In cycling as in investing, successes from the past are no guarantee for the future. But they aren’t completely meaningless either. So what do the performances of the past few weeks tell us for this weekend? Since few media ever bother to preview the women’s race, I thought I’d do that first. So today the women’s race, tomorrow the men’s.
First off, since many of the top women road racers also do the time trial (much more so than on the men’s side), Tuesday’s TT tells us quite a bit. Arndt was superstrong, and likely will be able to translate that to the road race. That could see her in a small break and if everything is still together, the Germans have a super-impressive lead-out for Ina Yoko Teutenberg (they also have for example Charlotte Becker for that). Since Teutenberg, Becker and Arndt have ridden together the entire season at HTC, not just in the national team, this is a difficult nut to crack.
One country that could possibly break the German dominance is Great Britain. Emma Pooley’s third place finish at the TT has not gotten the credit it deserves, as given the circumstances (dead flat, strong winds) it was the stand-out performance of the day. Many may view the defending champion finishing third as a disappointment, but when Marianne Vos complains that she was too light to perform on that course in that wind and Emma, who was the smallest contender in the TT by a country mile, finishes third, that’s a good indication she’s on form. Add to that her win in the Tour de l’Ardeche and it’s clear she’s ready.
Expect Emma to place one of her trademark solo attacks. And while the other teams work to bring her back, fast finishers Nicole Cooke and Lizzie Armistead can relax. The Germans may have trouble controlling the race if Nicole Cooke is on form and tries something in the closing kilometers, especially if the field is thinned out considerably by then. But how well Cooke’s form is is anybody’s guess.
The Americans disappointed on the TT, which after the bickering about who should be allowed to race was hardly a surprise. It’s hard to see how they can do better in the road race, as team work will be extremely important on this course. Their continent-counterparts from Canada performed extremely well in the TT, but both Whitten and Hughes are true TT specialists (not surprising given their backgrounds of track cycling and speed skating).
But don’t forget that Clara Hughes was a very successful cyclist BEFORE she was a very successful speed skater. She already medalled at the Atlanta Olympics. The only person Clara can outsprint is probably Andy Schleck, so she’ll need to think of something special. On this course, that may be a long shot.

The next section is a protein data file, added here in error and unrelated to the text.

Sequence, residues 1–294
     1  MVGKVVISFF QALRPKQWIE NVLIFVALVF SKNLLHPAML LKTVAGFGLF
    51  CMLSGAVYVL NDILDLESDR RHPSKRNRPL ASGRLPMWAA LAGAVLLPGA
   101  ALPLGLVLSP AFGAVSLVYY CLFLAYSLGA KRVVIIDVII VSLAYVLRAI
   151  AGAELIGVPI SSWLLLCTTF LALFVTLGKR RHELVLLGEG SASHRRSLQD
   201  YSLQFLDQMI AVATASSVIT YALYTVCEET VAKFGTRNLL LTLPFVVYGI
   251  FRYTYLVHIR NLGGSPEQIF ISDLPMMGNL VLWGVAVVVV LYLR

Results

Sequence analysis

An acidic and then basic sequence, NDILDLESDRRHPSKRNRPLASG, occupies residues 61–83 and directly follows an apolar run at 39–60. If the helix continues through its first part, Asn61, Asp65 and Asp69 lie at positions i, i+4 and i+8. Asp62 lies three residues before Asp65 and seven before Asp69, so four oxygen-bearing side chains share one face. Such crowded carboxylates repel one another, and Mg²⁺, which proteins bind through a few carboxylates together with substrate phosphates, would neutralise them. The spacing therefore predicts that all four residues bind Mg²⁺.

On the other end of the fast-twitch-fiber-spectrum we have Italy. With Bronzini as their top sprinter and young Elena Cecchini quickly climbing the ranks, they could spell trouble for Teutenberg and Armistead. Whether they will ride as a team is the perennial question. Emilia Fahlin is also among the faster finishers, plus she has good endurance and TT skills. She could launch an attach with 50, 5 or 0.5k to go, or rely on her sprint. She’s won stages in the Tour de l’Ardeche recently, so she’s definitely on form.
The great thing about women’s cycling is its unpredictability. Above we have a dozen or so contenders, and we haven’t even discussed the woman who has won everything this year: Marianne Vos (everything except that TT on Tuesday of course). Vos has finished second in the World Championship Road Race for the past four years. Imagine that, Silver four years in a row.
She definitely doesn’t want to win another Silver, and somehow I doubt taking the Bronze is the solution she came up with. So expect a very motivated Vos. Maybe the season is too long, maybe the TT indicated she’s not on top form, but only a fool would write her off. Like Fahlin, she can win any which way she wants, but unlike Fahlin, she’s done so many, many times at the absolute highest level of the sport.
While everybody may be watching Vos’ orange jersey, it’s the orange of VanVleuten that should not be ignored. She’s really broken through this year and proven she is a force to be reckoned with in the one-day races. Fahlin also has a countrywoman to be reckoned with in Emma Johansson (thanks to @Campy007 for pointing out my failure to mention her).
Even if you don’t normally follow cycling, pick your favorite and watch it. This course in Copenhagen may very well make for a better women’s than men’s race. And with most countries having two contenders with very different skills, the tactics are bound to become a difficult puzzle to solve.